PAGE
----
Students were ‘thrilled’ to see their friends again after more than two months of homeschooling for many.
Staff were also pleased to return to classroom learning with one headteacher saying it is better for the young people’s education.
Wide-scale testing has been introduced to help schools and academies stay safe and remain open.
The Mail visited High Tunstall College of Science where 1,200 students were back on site.
Headteacher Mark Tilling said it was fantastic to see everyone back and also to be back in their new building which they only moved into last November.
"It’s absolutely fantastic to see the young people back,” he said.
"We’ve got 1,200 arrived back today, willing to learn, ready to learn, excited being back at school; excited probably more than their education at seeing their friends and mixing again.”
Pupils are being tested on the school site in its community gym which is currently closed, and manned mainly by volunteers.
The students had to provide a negative test to return to school and each will have two more tests in the next three to five days.
Staff have been provided with home quick result lateral flow tests.
Mr Tilling added: “I think the staff feel safe because of the things we have got in place.
"I think it’s time for the young people to be back in school and that the parents have had enough of home schooling.
"It’s going to make our jobs a lot, lot easier having them back in the building.”
Year 8 pupil Joe Browell, 13, said he had missed seeing his friends and the direct contact with his teachers.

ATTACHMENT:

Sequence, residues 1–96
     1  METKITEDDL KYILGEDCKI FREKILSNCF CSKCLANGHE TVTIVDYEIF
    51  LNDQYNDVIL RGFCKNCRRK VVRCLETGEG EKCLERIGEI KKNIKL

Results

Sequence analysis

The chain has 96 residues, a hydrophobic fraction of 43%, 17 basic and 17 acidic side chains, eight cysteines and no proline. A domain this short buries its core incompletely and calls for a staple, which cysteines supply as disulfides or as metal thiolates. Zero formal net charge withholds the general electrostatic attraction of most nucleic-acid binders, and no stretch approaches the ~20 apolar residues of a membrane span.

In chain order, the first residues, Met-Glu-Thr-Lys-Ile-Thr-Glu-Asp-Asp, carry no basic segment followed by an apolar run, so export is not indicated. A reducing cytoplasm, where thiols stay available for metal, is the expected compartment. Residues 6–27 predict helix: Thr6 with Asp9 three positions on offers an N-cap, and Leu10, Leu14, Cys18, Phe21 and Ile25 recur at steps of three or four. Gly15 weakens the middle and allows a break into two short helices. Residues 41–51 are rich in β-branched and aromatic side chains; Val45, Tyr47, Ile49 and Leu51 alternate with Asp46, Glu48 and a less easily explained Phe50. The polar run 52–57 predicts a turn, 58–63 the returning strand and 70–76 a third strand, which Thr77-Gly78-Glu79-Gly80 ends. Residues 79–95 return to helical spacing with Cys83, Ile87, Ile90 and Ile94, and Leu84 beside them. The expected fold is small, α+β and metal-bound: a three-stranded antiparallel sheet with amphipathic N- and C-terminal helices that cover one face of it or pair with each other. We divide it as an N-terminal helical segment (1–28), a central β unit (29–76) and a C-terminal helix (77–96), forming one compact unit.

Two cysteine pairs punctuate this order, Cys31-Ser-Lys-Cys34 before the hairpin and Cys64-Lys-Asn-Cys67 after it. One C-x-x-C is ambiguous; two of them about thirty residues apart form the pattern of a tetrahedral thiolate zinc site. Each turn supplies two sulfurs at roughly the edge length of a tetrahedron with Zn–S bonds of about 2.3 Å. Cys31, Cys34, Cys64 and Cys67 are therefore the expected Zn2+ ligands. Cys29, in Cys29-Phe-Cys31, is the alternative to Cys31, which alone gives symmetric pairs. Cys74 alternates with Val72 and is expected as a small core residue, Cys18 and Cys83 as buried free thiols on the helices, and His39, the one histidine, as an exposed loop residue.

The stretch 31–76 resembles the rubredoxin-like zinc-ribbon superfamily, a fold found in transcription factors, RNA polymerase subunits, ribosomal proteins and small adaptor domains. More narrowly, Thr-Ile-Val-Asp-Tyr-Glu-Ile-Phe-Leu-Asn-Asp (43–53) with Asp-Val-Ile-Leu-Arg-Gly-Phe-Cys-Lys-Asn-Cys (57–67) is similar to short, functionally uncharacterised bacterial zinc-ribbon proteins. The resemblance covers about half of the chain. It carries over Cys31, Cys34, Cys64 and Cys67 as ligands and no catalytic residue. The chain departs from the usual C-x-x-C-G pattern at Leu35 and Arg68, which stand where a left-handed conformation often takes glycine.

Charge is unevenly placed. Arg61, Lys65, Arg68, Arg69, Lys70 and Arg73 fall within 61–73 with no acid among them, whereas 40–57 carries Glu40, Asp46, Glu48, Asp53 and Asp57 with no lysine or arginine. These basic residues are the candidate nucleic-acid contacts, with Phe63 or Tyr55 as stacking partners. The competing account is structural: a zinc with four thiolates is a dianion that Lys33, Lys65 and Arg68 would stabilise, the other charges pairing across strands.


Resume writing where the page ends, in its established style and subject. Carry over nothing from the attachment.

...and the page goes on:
He said: “It’s a relief to be away from the computer screen.”
And Freya Love, aged 12, said: “It’s great [to be back] because I’ve missed out on a lot of learning and I have missed my friends.
"It’s hard for the teachers to explain when we’re online.”
There were lots of smiles as well at Throston Primary School where around 60% of pupils returned for the first time since January on Monday.
Headteacher Mark Atkinson said: “It’s gone very well. The children are thrilled to be back.
"They were all here early, I think the parents were really keen to bring them back.”
While primary school children do not have to undergo Covid tests, they are being offered to parents at home.
And all staff at Throston Primary, from the teachers to the cleaners, are tested twice a week.
That is in addition to other measures to protect pupils and staff including two-hour lunchtimes and school year groups kept separated in bubbles.
Mr Atkinson added: “The main thing is there’s a buzz in the school again that you didn’t get with 40% in.”
He also praised the parents saying: “They have been fabulous adhering to social distancing and wearing masks.
"It has made it a lot easier with the way everyone has just adapted to it.”